Attorney leading Aurora’s independent Elijah McClain investigation sees a chance for “genuine conversations” about policing

Jonathan Smith will be leading a civil investigation over the events that led to McClain’s death last year.
4 min. read
Jordan Cain leads a protest demanding justice for Elijah McClain at Aurora’s municipal complex. July 25, 2020.
Kevin J. Beaty/Denverite

The civil rights attorney tapped to lead Aurora's independent investigation into Elijah McClain's death admits he's not super-familiar with Colorado. Jonathan Smith, who serves as executive director of the Washington Lawyers' Committee for Civil Rights and Urban Affairs, has visited the state a few times on vacation, but that's about it.

What Smith does know are contentious interactions between civilians and police. He said during a recent phone interview from Washington that he has investigated more than 20 such cases across the country as a federal investigator.

He led a team that investigated Ferguson's police department after the fatal shooting of Michael Brown in 2014. Investigators spoke to multiple city leaders in Ferguson and half of the department's officers, took part in ride-alongs, and reviewed 35,000-plus pages of police records.

The resulting 105-page report, released in March 2015, made 13 broad recommendations for police, including that the department should implement a "true" system of community policing. It called on officers to avoid using force and to change how they conducted stops and searches, issued citations and made arrests. Some of the recommendations would later be codified in a consent decree the police department entered with the feds in 2016 to resolve a potential federal lawsuit.

"Mr. Smith has a very, very diverse background," said Aurora City Councilwoman Allison Hiltz. She recommended Smith for the job. "He's worked both at the local level, in some of the more community-based approaches."

Smith is still putting together the three-person team (including himself) to investigate the events that led to McClain's death after an encounter with Aurora police and paramedics on Aug. 24, 2019. As part of the civil investigation, the team will review whether cops and paramedics involved in attempting to detain McClain broke department rules during the incident.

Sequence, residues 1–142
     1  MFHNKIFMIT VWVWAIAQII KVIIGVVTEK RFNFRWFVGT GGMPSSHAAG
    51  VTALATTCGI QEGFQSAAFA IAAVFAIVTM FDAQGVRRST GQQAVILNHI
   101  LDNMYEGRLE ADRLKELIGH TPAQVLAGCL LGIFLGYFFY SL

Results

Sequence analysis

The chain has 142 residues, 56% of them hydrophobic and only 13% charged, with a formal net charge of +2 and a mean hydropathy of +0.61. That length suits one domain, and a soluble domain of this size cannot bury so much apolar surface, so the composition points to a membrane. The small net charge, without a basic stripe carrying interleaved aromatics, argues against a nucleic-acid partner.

The investigation was approved by Aurora City Council last month. It will make suggestions for possible changes to police and paramedic policies and training guidelines. Smith said the recommendations could be a step toward larger reform in the police department and lead to larger changes within city government.

Kate Newton, left, and Taylor Bergeron bought flowers to place at the memorial during a candlelight and floral vigil for Elijah McClain on July 11, 2020, at Utah Park in Aurora, Colo.
(Alyson McClaran for Denverite)

The ongoing demonstrations against racism and police brutality, McClain's death, and other recent incidents involving Aurora cops, have put the city of Aurora under an intense microscope.

"I think there's an opportunity, particularly in this moment, for there to be genuine conversations about moving forward on how we're gonna address the inequity that has been created by the way our criminal system operates," Smith said.

Jonathan Smith. Courtesy photo.

Smith replaced a previous investigator hired by the city.

Eric Daigle, a Connecticut-based attorney and former Connecticut State Police detective, was initially hired for the investigation but was dropped in June. Hiltz said Daigle was qualified, but the optics didn't look good: He's a former cop who specialized in defending police officers from liability claims.

In addition to Smith's investigation into the McClain case, the city of Aurora announced Tuesday it was launching an independent investigation into the police department as a whole. The Colorado Attorney's General's office also announced Tuesday that it was investigating the police department in addition to its investigation into McClain, whose family has filed a federal lawsuit against the city. The federal government launched its own investigation into the McClain case last year.

Smith said his investigative team will "need to be extremely careful not to do anything to interfere" with the criminal investigation led by the Colorado Attorney General's office. They will be in contact as they investigate; Smith said he's met with to the AG's office, which will determine whether officers committed a crime.

Lawrence Pacheco, a spokesperson for the AG's office, said in a statement that, "in order to maintain the impartiality and integrity of these investigations," the office wouldn't be providing further comment on its probe.

Hiltz called for the review of all Aurora Police Department policies and practices.

"I think this is a first step," Hiltz said of Smith's investigation.

Recent Stories